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Reviewed on Nov 09, 2018

Acer XF251Q
MONITOR REVIEW

Usage Ratings - Version 1.0
7.1
Mixed Usage
6.9
Office
8.0
Gaming
6.8
Multimedia
6.9
Media Creation
5.5
HDR Gaming
Size : 25 "
Resolution : 1920x1080
Refresh Rate : 75 Hz
LCD Type
:
TN
Variable Refresh Rate
:
FreeSync

The Acer XF251Q is a decent 1080p TN monitor with some great gaming features. It has a fast response time, low input lag, and it supports AMD's FreeSync VRR technology. It has a good design, with a great stand that can be easily adjusted to an ideal viewing position. Unfortunately, it has poor viewing angles, so the image degrades when viewed at an angle, and it isn't very accurate out of the box.

Test Results
Design 7.5
Picture Quality 6.1
Motion 8.4
Inputs 8.4
Pros
  • Low input lag
  • Stand has great ergonomics
Cons
  • Image degrades when viewed at an angle
  • Poor accuracy out of the box
Update 1/15/2019: We tested the monitor's compatibility with NVIDIA's new FreeSync driver. See our full investigation into NVIDIA's FreeSync Drivers here.

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7.5

Design

Curved : No
Curve radius : N/A
Weight (without stand)
:
8.2 lbs (3.7 kg)
Weight (with stand)
:
12.3 lbs (5.6 kg)

The Acer XF251Q has a good design. The stand has a large footprint but supports the monitor well. It has great ergonomics, and can easily be adjusted to an optimal viewing position. There is an included headphone bracket that attaches to the stand, which is great. It is mostly made of plastic, but it has a good build quality and there shouldn't be any issues.

Stand
Width
:
15.3" (38.9 cm)
Depth
:
10.6" (26.9 cm)

The stand has a large footprint, and it supports the monitor very well. The is very little wobble when knocked or when adjusting settings.

8.0 Ergonomics
Height Adjustment
:
4.5" (11.4 cm)
Switch portrait/landscape : Yes
Swivel Range : -45° to 45°
Tilt Range : -20° to 5°

Great ergonomics. The Acer XF251Q can easily be adjusted to an optimal viewing position. It can rotate to a portrait/landscape orientation, and unlike some monitors with this feature, it can rotate in either direction.

Back
Wall Mount : VESA 100x100

The back is plain with a simple design. There is a small hole in the stand that works well for cable management. There is also a headphone bracket that can be clipped on to the top of the stand.

Borders
Borders
:
0.3" (0.8 cm)

The borders are thin, with very little gap between the edge of the bezel and the display. This is a great display for a multi-monitor setup.

Thickness
Thickness (with stand)
:
8.5" (21.6 cm)
Thickness (without stand)
:
2.2" (5.6 cm)

The stand leans slightly back, so the monitor appears thicker when viewed from the side. It is significantly thicker when on the stand than when VESA mounted.

7.5 Build Quality

The monitor has a good build quality. It is mostly made from plastic, but it is solid and seems well built, similar to the ASUS VG245H.

6.1

Picture Quality

The Acer XF251Q has mediocre picture quality. It has a mediocre native contrast ratio, but decent black uniformity. It has decent peak brightness and very good reflection handling, so it looks great in a bright room. It has a great color gamut and excellent color volume, but the Adobe RGB coverage is too limited for professional photo or video editing. Unfortunately, the image degrades when viewed at an angle, and it has poor accuracy out of the box.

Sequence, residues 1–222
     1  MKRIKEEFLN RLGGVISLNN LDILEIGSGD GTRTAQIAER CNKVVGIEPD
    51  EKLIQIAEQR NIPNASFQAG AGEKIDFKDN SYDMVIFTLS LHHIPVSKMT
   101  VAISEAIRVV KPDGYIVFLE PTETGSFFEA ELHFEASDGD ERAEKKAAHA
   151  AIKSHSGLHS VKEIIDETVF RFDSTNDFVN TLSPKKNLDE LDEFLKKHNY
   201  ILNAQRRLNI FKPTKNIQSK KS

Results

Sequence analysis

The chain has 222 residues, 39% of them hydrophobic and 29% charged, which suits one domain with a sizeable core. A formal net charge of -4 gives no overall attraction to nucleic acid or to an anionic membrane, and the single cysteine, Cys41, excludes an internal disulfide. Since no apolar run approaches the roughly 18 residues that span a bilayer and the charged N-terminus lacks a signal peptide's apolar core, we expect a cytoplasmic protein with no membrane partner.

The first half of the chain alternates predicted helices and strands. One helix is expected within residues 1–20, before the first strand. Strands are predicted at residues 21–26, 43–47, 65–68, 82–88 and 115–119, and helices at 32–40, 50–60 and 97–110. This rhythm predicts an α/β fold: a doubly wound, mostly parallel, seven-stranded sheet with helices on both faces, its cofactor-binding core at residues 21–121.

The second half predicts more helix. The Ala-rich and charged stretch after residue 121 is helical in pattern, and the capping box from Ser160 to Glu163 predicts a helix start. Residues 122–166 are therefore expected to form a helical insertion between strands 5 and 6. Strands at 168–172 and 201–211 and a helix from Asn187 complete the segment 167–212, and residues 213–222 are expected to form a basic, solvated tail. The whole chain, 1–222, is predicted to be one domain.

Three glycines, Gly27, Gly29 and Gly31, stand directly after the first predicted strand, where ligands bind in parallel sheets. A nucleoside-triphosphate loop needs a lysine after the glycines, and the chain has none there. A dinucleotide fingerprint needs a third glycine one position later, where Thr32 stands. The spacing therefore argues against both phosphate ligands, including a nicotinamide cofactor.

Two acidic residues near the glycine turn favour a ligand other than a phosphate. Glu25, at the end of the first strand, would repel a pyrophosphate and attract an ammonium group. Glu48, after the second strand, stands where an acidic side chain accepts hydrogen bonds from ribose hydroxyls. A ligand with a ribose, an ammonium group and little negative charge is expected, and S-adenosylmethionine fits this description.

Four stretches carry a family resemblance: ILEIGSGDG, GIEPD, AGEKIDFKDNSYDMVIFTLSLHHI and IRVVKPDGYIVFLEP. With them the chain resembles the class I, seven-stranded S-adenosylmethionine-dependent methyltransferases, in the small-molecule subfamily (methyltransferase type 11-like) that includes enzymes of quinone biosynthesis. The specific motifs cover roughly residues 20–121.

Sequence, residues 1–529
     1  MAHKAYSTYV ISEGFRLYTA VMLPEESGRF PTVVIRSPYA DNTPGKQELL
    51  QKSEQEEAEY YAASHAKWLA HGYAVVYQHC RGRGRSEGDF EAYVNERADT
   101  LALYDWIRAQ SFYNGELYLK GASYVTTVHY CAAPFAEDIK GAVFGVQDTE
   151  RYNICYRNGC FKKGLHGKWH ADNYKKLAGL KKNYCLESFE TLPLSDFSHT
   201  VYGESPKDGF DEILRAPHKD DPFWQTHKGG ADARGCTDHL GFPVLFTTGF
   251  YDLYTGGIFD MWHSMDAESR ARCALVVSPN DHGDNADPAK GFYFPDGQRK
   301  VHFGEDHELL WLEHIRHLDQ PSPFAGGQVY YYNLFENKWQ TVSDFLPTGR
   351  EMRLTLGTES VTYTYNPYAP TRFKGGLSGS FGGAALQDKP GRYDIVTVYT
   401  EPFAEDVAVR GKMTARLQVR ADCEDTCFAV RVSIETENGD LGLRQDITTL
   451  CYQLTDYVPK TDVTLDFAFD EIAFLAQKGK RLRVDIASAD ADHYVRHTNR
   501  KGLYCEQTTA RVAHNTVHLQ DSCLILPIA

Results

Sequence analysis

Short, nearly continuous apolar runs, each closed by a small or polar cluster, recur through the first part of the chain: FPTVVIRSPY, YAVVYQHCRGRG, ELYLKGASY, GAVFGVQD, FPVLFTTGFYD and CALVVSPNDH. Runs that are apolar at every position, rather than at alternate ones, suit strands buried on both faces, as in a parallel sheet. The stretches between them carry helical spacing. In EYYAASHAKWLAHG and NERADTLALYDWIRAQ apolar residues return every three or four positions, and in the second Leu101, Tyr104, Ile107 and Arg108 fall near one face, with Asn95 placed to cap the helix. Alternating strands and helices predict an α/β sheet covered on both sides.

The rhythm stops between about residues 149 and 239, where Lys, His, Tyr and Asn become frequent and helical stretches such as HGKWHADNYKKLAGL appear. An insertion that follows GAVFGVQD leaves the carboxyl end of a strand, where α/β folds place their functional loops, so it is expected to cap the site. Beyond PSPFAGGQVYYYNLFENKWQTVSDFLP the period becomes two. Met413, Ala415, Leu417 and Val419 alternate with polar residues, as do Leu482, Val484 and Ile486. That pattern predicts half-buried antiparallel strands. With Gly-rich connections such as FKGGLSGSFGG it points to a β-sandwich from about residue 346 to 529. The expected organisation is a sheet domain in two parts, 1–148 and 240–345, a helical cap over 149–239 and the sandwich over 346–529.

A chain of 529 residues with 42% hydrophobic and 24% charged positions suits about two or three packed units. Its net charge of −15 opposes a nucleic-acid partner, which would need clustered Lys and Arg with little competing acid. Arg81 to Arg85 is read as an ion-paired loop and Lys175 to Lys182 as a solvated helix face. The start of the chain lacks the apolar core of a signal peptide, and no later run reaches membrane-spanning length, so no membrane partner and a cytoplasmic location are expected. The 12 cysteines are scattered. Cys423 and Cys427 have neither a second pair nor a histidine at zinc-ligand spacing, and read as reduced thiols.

6.2 Contrast
Native Contrast
:
1161 : 1
Contrast with local dimming
:
N/A

Mediocre contrast ratio, but one of the best TN monitors we've tested so far; only slightly worse than the ASUS VG245H.

0 Local Dimming
Local Dimming
:
No
Backlight
:
Edge

There is no local dimming feature on this monitor. The video is for reference only.

7.3 SDR Peak Brightness
SDR Real Scene
:
273 cd/m²
SDR Peak 2% Window
:
299 cd/m²
SDR Peak 10% Window
:
300 cd/m²
SDR Peak 25% Window
:
300 cd/m²
SDR Peak 50% Window
:
300 cd/m²
SDR Peak 100% Window
:
300 cd/m²
SDR Sustained 2% Window
:
299 cd/m²
SDR Sustained 10% Window
:
300 cd/m²
SDR Sustained 25% Window
:
300 cd/m²
SDR Sustained 50% Window
:
300 cd/m²
SDR Sustained 100% Window
:
300 cd/m²
SDR ABL
:
0.000

The Acer XF251Q has decent peak brightness, with no variation in brightness with different content, which is great. The peak brightness is very similar to the ASUS VG245H.

0 HDR Peak Brightness
HDR Real Scene
:
N/A
HDR Peak 2% Window
:
N/A
HDR Peak 10% Window
:
N/A
HDR Peak 25% Window
:
N/A
HDR Peak 50% Window
:
N/A
HDR Peak 100% Window
:
N/A
HDR Sustained 2% Window
:
N/A
HDR Sustained 10% Window
:
N/A
HDR Sustained 25% Window
:
N/A
HDR Sustained 50% Window
:
N/A
HDR Sustained 100% Window
:
N/A
HDR ABL
:
N/A

HDR is not supported on this monitor.

5.2 Horizontal Viewing Angle
Color Shift from Left
:
30 °
Color Shift from Right
:
28 °
Brightness from Left
:
47 °
Brightness from Right
:
45 °
Black Level from Left
:
31 °
Black Level from Right
:
27 °
Curve Radius : N/A

Disappointing horizontal viewing angles typical of TN monitors. The brightness drops by half at about 45°, which is mediocre, but the black levels increase sharply after about 30°, and the colors shift significantly at about the same angle.

5.1 Vertical Viewing Angle
Color Shift from Below
:
9 °
Color Shift from Above
:
33 °
Brightness from Below
:
14 °
Brightness from Above
:
38 °
Black Level from Below
:
19 °
Black Level from Above
:
25 °

Disappointing vertical viewing angles; slightly better than the ASUS VG245H but worse than the ViewSonic XG2402. The XF251Q is definitely best viewed at eye level.

7.5 Gray Uniformity
50% Std. Dev.
:
6.636 %
50% DSE
:
0.117 %
5% Std. Dev.
:
2.246 %
5% DSE
:
0.078 %

The Acer XF251Q bmiirx has good gray uniformity. The edges of the screen are quite a bit darker due to the poor vertical viewing angles. The center of the screen is more uniform, and there is very little dirty screen effect (DSE). In near-dark scenes, the uniformity is better, and there is almost no DSE.

6.5 Black Uniformity
Native Std. Dev.
:
1.690 %
Std. Dev. w/ L.D.
:
N/A

Decent black uniformity, one of the best we've ever tested on a monitor. There is some clouding visible across the entire screen, but there is very little flashlighting, which is great.

5.1 Pre Calibration
Picture Mode
:
Graphics
Luminance
:
307 cd/m²
Luminance Settings